Last night in the Arlington theater I sat next to the Hollywood Reporter’s Scott Feinberg. We were talking Best Picture. “Virtually any movie can win,” he said. “In the era of the preferential ballot we have no idea how the votes will go down.” With ten slots, coming out of a year when the Best Director category played no part in the outcome of the race, it’s true that looking at stats will help you less than on the ground conversations with voters. What I learned from listening to Robert Redford was that he was down on visual effects movies, that could hurt Gravity and help 12 Years a Slave or American Hustle. What I learned from talking to an Academy member at a party here, she loved American Hustle more than the others, so much so she’d made a special trip to Santa Barbara to see David O. Russell speak. What I learned from talking to Pete Hammond and Anne Thompson and Steve Pond? Academy members loved Gravity.
Kris Tapley told me that Captain Phillips was far and away the frontrunner for the Eddie, even given Gravity’s technical dominance. But do they really reward technical achievement? Argo beat Life of Pi last year, The Descendants beat Hugo the year before, The Social Network beat Inception, The Hurt Locker beat Avatar, Slumdog Millionaire beat The Dark Knight, and on it goes. No, it appears, they don’t value technical achievement over nuts and bolts editing. It seems to me that effects-driven films still have a hard time breaking through to the major guilds – all except one: The DGA.
So had I been thinking it through more carefully I would have seen that Gravity had less of a chance of winning than another film. I would not have predicted Captain Phillips, as great as it is and as popular as the editor is. Usually the Eddie goes to the movie with Best Picture heat. Can Captain Phillips rise to become the popular choice for Best Picture? Sure. Why not. It is definitely more in keeping with the Academy’s traditional views about race – white people save the day. Though I love the film, as you know, and believe it to be equal in its storytelling, there is no question who the hero is. The same cannot be said for 12 Years, which puts the central white male (your average Academy voters) in a less favorable light. So, in a very competitive year with a preferential ballot anything can happen.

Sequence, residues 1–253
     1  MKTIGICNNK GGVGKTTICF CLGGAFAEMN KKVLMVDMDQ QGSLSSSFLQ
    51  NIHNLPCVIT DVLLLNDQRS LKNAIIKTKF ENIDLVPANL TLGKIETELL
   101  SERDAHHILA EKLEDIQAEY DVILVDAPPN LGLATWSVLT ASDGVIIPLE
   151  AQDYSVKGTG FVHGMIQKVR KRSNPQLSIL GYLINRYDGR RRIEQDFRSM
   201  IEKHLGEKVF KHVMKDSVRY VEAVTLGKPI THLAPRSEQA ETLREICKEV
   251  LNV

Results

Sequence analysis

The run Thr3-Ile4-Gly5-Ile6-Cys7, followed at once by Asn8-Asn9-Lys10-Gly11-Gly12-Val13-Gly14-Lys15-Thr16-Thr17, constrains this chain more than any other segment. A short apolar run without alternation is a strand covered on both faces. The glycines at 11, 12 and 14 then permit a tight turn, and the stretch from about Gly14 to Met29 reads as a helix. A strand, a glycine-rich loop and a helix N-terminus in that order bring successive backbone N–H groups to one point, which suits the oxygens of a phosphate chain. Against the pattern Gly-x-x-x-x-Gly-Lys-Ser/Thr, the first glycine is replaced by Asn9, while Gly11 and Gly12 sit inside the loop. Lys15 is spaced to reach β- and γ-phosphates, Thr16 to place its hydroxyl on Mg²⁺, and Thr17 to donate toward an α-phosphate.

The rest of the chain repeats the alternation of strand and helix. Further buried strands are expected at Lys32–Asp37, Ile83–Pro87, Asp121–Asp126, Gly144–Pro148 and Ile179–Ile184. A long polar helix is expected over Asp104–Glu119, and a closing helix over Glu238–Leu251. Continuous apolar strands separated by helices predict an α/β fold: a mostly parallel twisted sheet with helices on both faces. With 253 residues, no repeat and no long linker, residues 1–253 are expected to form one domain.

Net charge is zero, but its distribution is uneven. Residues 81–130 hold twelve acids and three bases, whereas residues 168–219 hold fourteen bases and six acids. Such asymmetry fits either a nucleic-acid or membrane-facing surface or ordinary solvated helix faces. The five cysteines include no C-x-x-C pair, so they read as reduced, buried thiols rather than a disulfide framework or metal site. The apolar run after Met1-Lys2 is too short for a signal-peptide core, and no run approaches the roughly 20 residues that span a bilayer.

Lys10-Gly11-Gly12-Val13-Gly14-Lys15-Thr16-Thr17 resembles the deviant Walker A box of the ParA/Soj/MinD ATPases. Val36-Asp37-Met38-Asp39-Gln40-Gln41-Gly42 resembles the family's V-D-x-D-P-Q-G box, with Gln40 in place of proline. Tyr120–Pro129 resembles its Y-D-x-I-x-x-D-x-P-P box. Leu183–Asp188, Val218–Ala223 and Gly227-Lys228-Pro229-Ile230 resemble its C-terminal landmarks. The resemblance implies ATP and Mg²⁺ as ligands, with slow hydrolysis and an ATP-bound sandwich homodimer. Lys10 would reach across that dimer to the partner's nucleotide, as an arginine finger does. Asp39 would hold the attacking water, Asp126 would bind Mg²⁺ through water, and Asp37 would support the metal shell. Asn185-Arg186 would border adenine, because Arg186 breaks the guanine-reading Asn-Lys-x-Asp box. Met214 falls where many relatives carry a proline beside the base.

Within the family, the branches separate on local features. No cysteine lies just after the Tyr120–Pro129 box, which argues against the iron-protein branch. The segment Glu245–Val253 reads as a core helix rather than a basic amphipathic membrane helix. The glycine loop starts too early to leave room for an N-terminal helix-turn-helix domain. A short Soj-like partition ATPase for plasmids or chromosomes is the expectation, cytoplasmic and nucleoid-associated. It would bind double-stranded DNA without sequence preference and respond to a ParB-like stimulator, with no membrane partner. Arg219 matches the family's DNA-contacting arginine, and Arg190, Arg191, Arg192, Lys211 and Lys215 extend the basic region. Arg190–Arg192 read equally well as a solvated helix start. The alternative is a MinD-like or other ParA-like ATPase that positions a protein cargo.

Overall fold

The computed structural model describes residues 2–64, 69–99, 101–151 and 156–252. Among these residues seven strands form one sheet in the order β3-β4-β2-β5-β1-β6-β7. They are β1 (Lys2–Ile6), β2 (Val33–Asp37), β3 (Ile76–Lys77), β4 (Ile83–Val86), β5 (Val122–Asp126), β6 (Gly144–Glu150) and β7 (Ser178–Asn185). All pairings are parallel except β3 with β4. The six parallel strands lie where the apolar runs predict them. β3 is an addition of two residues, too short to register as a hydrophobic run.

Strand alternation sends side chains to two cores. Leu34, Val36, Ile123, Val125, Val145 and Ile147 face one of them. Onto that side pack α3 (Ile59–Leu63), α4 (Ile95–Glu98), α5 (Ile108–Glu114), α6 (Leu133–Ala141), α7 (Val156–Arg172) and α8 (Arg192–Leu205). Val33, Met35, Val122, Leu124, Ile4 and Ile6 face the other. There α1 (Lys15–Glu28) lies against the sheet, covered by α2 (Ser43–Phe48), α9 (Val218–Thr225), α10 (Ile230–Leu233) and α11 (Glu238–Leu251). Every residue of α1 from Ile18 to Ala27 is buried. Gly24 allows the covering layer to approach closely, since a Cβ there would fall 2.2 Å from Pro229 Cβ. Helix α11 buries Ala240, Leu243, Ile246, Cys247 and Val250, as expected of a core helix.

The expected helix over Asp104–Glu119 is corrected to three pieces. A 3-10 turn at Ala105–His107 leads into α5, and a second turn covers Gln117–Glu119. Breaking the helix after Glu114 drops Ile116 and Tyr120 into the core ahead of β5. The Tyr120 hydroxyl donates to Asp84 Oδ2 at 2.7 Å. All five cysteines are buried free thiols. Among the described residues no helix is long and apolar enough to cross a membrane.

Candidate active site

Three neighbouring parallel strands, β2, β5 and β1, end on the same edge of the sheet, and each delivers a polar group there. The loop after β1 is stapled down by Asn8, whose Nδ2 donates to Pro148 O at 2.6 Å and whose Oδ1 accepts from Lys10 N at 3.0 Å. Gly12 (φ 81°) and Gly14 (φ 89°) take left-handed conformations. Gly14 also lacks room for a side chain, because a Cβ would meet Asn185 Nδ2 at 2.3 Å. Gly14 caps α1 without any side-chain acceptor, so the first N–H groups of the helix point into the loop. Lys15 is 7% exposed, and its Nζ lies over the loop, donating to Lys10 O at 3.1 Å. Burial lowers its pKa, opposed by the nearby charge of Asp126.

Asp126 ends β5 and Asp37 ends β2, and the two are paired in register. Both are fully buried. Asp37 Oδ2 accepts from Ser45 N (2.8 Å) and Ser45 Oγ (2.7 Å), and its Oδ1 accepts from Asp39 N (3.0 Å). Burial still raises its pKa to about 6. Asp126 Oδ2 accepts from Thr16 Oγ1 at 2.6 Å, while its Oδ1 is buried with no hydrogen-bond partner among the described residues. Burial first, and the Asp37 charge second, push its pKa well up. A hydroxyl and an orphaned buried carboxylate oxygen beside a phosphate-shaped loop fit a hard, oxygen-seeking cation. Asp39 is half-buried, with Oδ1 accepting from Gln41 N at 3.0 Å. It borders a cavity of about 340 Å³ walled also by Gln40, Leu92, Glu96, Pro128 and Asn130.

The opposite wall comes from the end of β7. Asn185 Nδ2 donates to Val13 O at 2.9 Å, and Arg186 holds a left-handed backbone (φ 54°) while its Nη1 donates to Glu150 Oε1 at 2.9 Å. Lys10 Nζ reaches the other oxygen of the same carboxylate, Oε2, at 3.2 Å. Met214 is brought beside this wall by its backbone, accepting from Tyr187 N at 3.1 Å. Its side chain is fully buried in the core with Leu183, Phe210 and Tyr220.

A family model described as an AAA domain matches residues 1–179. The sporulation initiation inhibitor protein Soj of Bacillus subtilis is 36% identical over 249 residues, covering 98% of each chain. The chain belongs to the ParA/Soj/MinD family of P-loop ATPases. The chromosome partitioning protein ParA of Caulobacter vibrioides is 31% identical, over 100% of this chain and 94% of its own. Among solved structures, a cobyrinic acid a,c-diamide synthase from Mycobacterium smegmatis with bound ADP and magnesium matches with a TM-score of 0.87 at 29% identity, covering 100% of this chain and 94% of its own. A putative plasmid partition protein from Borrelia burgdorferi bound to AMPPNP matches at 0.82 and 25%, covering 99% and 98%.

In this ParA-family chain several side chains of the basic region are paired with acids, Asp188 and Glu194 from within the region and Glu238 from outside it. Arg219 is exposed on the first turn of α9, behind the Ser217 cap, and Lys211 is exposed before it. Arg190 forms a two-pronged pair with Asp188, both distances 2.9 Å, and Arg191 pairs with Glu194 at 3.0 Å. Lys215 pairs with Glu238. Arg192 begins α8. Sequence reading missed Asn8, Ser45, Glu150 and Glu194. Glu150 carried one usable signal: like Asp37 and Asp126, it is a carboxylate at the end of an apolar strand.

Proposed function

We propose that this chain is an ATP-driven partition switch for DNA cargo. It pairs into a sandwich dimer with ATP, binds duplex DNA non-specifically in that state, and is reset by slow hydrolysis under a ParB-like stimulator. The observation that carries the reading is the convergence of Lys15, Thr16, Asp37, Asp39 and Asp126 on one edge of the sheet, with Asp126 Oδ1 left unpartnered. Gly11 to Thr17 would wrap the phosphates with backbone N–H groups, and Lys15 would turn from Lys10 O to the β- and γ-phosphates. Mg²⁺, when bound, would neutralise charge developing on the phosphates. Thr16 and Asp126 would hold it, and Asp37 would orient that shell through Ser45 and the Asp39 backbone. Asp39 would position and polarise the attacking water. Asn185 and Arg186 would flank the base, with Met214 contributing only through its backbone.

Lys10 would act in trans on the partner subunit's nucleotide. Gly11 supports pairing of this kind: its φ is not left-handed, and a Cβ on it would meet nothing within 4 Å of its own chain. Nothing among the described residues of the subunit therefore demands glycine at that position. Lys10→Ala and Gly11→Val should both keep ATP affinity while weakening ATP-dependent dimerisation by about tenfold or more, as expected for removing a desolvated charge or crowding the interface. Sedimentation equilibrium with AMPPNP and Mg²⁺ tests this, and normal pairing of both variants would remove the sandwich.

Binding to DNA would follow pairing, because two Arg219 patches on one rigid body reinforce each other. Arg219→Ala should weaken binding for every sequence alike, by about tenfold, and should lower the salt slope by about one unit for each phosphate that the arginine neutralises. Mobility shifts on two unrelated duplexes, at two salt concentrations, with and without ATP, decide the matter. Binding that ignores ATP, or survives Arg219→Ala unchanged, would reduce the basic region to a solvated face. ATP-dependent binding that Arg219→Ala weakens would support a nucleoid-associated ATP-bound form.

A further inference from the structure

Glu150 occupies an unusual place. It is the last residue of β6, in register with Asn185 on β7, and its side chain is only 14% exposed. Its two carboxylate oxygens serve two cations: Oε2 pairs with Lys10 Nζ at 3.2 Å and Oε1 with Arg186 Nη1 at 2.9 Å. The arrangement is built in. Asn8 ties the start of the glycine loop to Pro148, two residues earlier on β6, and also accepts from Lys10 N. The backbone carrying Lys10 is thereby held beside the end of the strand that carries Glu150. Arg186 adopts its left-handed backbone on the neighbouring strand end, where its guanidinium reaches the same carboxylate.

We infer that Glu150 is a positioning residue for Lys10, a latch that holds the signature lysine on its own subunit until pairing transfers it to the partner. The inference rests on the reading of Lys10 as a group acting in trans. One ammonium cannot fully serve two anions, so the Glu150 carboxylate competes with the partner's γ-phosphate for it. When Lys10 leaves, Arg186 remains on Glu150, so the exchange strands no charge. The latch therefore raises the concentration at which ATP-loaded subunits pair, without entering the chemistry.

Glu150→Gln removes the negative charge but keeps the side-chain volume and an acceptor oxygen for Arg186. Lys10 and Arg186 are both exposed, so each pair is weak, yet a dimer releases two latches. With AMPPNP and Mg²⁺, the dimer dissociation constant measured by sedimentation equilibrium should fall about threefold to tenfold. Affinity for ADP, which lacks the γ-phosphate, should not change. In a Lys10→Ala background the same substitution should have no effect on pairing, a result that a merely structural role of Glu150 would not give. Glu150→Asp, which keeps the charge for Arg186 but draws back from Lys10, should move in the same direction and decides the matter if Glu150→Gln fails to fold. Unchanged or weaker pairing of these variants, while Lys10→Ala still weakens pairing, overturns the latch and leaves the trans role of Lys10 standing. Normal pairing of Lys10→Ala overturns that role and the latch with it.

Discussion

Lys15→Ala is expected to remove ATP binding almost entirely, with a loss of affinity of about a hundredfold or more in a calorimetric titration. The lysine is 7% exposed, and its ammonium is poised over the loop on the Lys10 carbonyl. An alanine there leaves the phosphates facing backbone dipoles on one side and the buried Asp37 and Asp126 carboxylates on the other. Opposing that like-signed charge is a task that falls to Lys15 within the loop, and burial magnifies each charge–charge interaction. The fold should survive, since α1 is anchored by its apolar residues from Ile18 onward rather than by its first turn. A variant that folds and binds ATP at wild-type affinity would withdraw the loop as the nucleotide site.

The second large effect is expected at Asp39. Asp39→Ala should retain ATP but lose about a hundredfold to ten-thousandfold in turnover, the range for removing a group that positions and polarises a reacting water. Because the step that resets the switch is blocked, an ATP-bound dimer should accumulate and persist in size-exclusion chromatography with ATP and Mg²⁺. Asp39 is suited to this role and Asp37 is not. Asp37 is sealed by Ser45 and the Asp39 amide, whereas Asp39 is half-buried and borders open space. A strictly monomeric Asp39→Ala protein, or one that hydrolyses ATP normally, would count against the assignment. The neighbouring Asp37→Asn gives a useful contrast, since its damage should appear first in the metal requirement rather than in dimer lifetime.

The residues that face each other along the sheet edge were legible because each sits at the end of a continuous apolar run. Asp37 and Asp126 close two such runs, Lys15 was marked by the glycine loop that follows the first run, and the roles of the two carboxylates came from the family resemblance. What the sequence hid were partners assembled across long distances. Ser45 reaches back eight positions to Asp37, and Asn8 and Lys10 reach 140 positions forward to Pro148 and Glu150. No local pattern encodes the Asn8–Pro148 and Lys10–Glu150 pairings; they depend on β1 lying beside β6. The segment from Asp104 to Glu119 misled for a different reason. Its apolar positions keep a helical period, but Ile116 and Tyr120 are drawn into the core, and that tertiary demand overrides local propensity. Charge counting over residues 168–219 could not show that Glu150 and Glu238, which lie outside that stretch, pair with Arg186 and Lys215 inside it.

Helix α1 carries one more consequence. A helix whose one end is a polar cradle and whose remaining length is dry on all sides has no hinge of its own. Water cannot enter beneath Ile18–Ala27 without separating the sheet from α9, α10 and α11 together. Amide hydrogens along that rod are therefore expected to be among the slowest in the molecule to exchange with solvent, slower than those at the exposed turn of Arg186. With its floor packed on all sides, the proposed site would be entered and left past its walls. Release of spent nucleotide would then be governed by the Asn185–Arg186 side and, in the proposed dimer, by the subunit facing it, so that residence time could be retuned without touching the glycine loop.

Scott and I ran through the films – if you picked 12 Years for number one, what would be your number two. How many movies are likely to hit the top three slots of most voters? Is Gravity a number one film but not a number two or three? He said he thought even Wolf of Wall Street had a shot at upsetting the apple cart. We have had the preferential ballot now for four years. In all of those four years, the PGA and DGA have called Best Picture.
And in those five years how many times did the Eddie call Best Picture? 3/4. The only time it didn’t was when The King’s Speech won Best Picture. The Eddie has played a role in recent split years but we’re really not talking about those because there was no preferential ballot then.
The main forces that drive a Best Picture win is broad support by the Academy. Gravity has a huge amount of it with that very pivotal DGA win. But could we be looking at another year like the year 2000 when Ang Lee won the DGA but Gladiator and Traffic split the major votes at the Oscars? Maybe. Traffic had the SAG, Gladiator had the Eddie, Crouching Tiger had the DGA. Now, American Hustle has the SAG and the Eddie, 12 Years has the PGA, Gravity has the DGA. But Captain Phillips has the WGA and the Eddie. That’s significant, I think.
Gravity will enter the final phase looking to become the first movie since Oliver to win without a Screenplay, Editing or Acting win, unless it wins editing. That’s 1968, right? That’s what, 46 years? Looking at the race from a stat perspective, American Hustle would be your spoiler – Cuaron for director, Hustle for Picture. 12 Years presents to them a problem. This is the point in the race where a smart Oscar strategist will put in place an “out” for them, a reason for them not to feel guilty for not picking 12 Years a Slave (if any of them would feel guilty). This is your Crash/Brokeback scenario or Shakespeare in Love/Saving Private Ryan. So what’s going to be that out? That’s the million dollar question.
The luncheon is Monday. I expect to hear lots of reports of how the directors play. If Brad Pitt is there that will help 12 Years a good deal. Cuaron is a major charmer, as is Sandra Bullock and George Clooney. They have the charm offensive. If Jennifer Lawrence is there, she will win the room. I’ve met Lupita Nyong’o and she too is a force to be reckoned with.
Finally, my conversation rounded itself back to the beginning. “Cuaron and 12 Years a Slave,” he said. I told him I was still going for the longshot of Steve McQueen. Following the herd on this is, to me, akin to looking out the window, seeing it’s raining and saying, “it’s going to rain today.”